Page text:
The frustration of the Hereros and the Namas

In Namibia, however, these renditions do not convince everyone, starting with the representatives of the Herero and Nama peoples. “As the negotiations are done entirely from government to government, they naturally feel excluded from the process,” confirms Heike Becker, professor of social and cultural anthropology at the University of the Western Cape. All the more so since, for decades, national history has mainly focused on the anti-colonial struggle led by the Swapo. The attention and the duty of memory towards the genocide of the beginning of the XXe century are only very recent. ”

For Zak Dirkse, a member of the Association of Traditional Nama Chiefs, “the Namibian government has two weights, two measures, depending on the communities concerned.” “The government, for example, insisted on returning a stone of great ceremonial value returned by Finland to the Oshiwambo community, in person. But Hendrik Witbooi’s bible and whip were never handed over to Namas representatives. These objects are the property of the government, just like human remains returned by Germany, ”he laments. However, the Nama and Herero peoples have every legitimacy to participate fully in the process of designing and implementing reparation measures ”. Without their participation, “there can be no meaningful apologies and no reconciliation,” says Jürgen Zimmerer. Without their involvement, the repercussions of the restitution process will remain symbolic ”.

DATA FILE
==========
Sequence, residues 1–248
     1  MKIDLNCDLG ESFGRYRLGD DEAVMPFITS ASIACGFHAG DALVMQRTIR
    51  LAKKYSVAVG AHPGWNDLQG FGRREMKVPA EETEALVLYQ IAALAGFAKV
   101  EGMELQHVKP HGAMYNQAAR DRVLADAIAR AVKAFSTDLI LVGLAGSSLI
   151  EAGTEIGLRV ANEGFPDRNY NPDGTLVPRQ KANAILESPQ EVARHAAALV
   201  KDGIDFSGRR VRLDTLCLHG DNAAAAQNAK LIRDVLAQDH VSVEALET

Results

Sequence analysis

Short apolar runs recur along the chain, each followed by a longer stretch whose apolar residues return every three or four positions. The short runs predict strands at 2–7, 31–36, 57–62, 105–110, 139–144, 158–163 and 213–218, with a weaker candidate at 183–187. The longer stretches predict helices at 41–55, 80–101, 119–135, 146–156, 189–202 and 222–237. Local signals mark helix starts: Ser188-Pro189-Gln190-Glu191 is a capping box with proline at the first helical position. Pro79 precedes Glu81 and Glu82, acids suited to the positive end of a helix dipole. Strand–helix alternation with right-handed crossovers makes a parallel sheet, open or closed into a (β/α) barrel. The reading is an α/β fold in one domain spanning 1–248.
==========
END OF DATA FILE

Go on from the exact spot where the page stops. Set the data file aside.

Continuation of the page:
While Zak Dirkse hopes, on the contrary, “a positive impact on the life of the Nama and Herero peoples”, which will only be made possible by accompanying these restitutions “with a reflection on the prevention of future acts of genocide and the building restorative justice ”. An opinion shared by Nanette Snoep for whom “special attention must also be paid to the way of rendering”. “This act must not become a means of cleaning up one’s past. For that, it is above all necessary to listen to people, to know what they really want ”, supports the director. An approach favored, according to her, by more and more museum directors of the new generation. Even if their power remains limited to the goodwill of the Länder, the sole decision-makers in this country where the inalienability of works does not exist.